It would not be surprising that Cliff Richard (that this October 14 turns 80) did not have much sympathy for our country. Although we are not aware that he has manifested anything against Spain as a nation (or its coasts or its gastronomy or even its people), the truth is that he must not have very good memories of his ‘Spanish experience’. And we do not say it so much because its passage through this bull hide has been plagued with paellas at the price of Iranian caviar or a rampant salmonellosis. His thing goes the other way, more related to the Eurovision environment, because how likely is it that you will be present at the famous song contest and both times you will end up defeated by that small country that is at the tip of the continent that has been almost half century living under a dictatorship?
The first time Richard went to Eurovision, he was already a tremendously popular singer. He was also a fervent Christian (his conversion took place in 1966 and he traveled as a missionary to countries such as Bangladesh, Kenya, Haiti), but that is not relevant now. The fact is that in 1968 an exultant Massiel with the catchy ‘La, la, la’ he won that year’s contest by one point. Second place was for English. The life of the Madrilenian took a 180 degree turn and his continued its upward trajectory. However, forty years later (which is said soon but it is a very very cold revenge), Richard claimed the triumph of that edition in a documentary by Jose Maria Iñigo for Mediaset, ‘1968. I lived the Spanish May ‘, in which he implied that “Spanish Television (was) buying series that were never going to be shown and never were shown, as long as they gave us the votes to be able to win.”
The news was reflected in some British media with headlines such as “Did Franco steal Eurovision from Cliff?” The singer himself explained in ‘The Guardian’: “For a long time I have lived with that number two on top and it would be great if someone from the contest, officially, comes to me and says: ‘Cliff, you won that damn thing after all … ‘If, as they say, they think there is proof that I was the winner, I would be the happiest person on the planet. ”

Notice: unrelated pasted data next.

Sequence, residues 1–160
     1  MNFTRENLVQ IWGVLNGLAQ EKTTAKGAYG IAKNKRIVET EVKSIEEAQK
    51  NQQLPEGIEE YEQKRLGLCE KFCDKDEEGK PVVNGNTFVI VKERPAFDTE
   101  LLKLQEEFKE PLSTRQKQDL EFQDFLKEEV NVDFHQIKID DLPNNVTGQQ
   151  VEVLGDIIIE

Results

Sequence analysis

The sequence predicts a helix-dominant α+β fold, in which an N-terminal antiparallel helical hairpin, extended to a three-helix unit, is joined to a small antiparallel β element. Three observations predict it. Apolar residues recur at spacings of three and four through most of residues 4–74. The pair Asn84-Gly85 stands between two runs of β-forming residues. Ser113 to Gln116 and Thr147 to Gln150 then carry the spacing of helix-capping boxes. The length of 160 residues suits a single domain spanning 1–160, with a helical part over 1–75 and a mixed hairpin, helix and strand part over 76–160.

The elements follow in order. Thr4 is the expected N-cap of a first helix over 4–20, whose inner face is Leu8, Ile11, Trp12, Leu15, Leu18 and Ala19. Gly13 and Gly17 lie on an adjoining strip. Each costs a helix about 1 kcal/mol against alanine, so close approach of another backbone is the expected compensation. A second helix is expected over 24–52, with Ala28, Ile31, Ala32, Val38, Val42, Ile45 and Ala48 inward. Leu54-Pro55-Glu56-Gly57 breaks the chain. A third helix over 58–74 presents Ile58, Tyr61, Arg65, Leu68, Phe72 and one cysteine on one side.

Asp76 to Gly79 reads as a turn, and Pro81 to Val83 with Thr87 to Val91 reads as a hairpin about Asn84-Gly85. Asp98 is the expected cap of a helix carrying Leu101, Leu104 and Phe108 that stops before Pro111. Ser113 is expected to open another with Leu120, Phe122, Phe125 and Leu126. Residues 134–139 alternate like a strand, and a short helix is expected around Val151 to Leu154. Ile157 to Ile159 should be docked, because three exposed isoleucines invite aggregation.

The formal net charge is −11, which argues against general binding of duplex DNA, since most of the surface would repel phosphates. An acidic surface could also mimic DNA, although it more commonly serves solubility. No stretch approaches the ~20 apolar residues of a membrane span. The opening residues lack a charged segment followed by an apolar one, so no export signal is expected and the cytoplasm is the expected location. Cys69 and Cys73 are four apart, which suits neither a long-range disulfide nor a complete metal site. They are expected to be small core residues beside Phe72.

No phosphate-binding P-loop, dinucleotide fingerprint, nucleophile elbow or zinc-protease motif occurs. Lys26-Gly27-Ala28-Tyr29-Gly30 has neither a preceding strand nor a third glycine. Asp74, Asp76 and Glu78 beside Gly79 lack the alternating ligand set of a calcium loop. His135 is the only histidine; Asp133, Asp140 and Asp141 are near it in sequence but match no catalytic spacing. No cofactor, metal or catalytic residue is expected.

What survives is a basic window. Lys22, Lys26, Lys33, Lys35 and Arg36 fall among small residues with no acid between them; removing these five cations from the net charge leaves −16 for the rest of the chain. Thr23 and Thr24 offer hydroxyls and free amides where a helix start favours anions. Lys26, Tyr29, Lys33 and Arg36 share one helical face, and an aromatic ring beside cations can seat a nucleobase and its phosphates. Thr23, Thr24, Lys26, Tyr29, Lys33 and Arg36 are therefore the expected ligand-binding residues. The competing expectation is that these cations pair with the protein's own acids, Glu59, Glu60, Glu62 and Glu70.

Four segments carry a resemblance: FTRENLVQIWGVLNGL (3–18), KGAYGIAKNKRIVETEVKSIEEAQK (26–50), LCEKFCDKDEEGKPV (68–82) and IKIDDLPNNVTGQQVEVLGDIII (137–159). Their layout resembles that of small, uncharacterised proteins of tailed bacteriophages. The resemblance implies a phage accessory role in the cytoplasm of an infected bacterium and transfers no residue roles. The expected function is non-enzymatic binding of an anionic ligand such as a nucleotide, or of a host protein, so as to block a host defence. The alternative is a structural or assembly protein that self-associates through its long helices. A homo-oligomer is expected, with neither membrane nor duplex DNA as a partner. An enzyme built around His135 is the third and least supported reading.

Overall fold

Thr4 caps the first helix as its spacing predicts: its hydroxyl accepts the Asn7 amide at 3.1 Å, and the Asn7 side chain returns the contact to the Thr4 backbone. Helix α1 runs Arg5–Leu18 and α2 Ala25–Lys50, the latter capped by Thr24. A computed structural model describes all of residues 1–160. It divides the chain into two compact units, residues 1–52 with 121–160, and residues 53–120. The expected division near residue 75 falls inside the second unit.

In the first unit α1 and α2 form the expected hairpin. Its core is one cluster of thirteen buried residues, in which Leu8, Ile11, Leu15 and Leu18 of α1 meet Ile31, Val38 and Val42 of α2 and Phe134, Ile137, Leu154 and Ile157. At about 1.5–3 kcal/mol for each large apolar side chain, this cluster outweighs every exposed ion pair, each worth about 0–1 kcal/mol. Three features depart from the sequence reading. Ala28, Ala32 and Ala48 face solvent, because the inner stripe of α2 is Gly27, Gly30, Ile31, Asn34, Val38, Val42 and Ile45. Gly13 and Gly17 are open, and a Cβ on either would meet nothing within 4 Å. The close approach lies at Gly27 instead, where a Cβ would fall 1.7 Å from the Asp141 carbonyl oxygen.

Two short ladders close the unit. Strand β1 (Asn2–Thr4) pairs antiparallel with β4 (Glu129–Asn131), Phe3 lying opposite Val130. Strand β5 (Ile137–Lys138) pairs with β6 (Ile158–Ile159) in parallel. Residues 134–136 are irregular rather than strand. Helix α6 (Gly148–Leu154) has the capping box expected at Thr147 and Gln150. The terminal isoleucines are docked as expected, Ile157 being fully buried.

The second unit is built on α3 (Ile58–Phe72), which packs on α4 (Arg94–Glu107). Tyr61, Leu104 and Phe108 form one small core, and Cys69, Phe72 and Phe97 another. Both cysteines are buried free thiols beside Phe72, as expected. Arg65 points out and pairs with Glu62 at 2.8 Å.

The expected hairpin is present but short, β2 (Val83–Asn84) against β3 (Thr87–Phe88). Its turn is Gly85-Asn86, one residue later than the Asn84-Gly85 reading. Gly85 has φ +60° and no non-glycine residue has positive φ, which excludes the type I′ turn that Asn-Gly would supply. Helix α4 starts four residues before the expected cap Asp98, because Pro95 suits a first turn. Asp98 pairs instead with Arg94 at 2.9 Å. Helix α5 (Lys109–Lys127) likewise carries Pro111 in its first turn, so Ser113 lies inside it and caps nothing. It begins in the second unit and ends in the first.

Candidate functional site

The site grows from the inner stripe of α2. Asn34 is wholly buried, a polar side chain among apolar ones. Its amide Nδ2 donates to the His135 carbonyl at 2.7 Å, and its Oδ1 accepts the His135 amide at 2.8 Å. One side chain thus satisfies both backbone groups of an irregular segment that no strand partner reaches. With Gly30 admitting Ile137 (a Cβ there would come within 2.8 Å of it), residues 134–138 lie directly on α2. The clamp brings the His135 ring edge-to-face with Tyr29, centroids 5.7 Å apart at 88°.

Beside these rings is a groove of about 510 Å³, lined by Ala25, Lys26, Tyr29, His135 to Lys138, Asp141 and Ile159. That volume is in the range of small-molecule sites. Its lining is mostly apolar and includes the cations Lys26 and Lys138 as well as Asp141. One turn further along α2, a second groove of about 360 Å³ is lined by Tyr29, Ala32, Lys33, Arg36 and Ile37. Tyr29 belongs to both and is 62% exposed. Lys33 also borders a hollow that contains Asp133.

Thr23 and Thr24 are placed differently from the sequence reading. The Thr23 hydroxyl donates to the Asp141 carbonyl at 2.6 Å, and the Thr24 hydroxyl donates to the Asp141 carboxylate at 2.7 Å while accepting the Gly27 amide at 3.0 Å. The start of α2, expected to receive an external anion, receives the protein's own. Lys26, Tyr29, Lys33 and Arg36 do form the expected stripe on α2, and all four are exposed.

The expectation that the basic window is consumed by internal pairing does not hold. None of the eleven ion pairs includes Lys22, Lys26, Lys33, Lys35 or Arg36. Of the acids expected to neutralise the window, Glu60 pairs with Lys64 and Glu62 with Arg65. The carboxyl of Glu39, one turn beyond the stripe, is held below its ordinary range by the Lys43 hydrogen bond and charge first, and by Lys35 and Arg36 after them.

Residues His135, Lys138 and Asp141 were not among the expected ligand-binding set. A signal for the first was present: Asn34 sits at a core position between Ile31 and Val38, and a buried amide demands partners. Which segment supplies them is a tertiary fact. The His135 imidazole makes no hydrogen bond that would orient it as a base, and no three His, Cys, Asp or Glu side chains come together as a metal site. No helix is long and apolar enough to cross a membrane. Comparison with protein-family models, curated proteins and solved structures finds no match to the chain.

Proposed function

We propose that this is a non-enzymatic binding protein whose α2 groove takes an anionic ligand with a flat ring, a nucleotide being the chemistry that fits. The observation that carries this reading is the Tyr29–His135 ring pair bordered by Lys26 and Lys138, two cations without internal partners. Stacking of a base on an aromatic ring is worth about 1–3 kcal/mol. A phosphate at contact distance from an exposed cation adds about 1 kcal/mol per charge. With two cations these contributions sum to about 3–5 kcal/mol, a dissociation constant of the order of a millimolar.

The Eurovision thorn had been so captivated by Cliff’s self-esteem that in 1973 he returned to participate in the contest. This time it took place in Luxembourg and during the intermission the popular Spanish clown acted Charlie Rivel. We do not know if the clown managed to get a smile from him but if he did, the scoreboard erased it: in the tight final, the Englishman would be in third place just six points behind the winner, the host country. Second place went to the ‘Eres tú’ de Youth. Sorry, Cliff.
A discreet star
Beyond the Eurovision anecdote, Richard’s career and life has developed in a calm way, far removed from the stereotypes of the pop and rock stars of the 60s who were dedicated to destroying hotel rooms, provoking hordes of fans and experiment with the drugs of the moment. Born in the same year as Lennon o Ringo Starr, Richard’s is light years away. It was precisely this turn towards religiosity that took him away from the more ‘libertine’ path of fame: in fact he was on the verge of abandoning music and becoming a teacher, but his Christian friends convinced him that he did not have to give up music . In fact, as a sign that both vocations were compatible, the musician was invited by the Catholic Church to sing at the world youth meeting held in Cologne, Germany.
Crowned on numerous occasions as one of the most sought-after ‘golden singles’, the truth is that he was about to go through the altar: the first time with the dancer Jackie Irving and later with the extenista Sue Baker. “I thought very seriously about marrying her, but I realized that I did not love her enough to commit myself for the rest of my life,” he explained in his autobiographical book. ‘My life. My way’ (‘Mi vida. Mi camino’). However, for many the most surprising part of his memories was when he spoke of John McElynn, the secularized priest with whom he has lived for years and who he recognized as his ‘partner’, trying to settle the rumors about his sexuality: “What does it matter to anyone what each one of us is as an individual? I don’t think my fans are going to be concerned about that, ”he wrote.
Used to wearing that low profile without big scandals or powerful headlines, he was very surprised when his name was caught up in a case of alleged sexual abuse to a minor that would have taken place in 1985. Although the case was dismissed due to lack of evidence, the BBC even broadcast live from a helicopter a raid on the singer’s house as part of the investigation in 2014. Five years later, the television network had to pay him 2.2 million euros as compensation for the legal costs of a legal process that Cliff carried out against them for having invaded their privacy.
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singleness, sexual abuse and the Eurovision that Massiel ‘stole’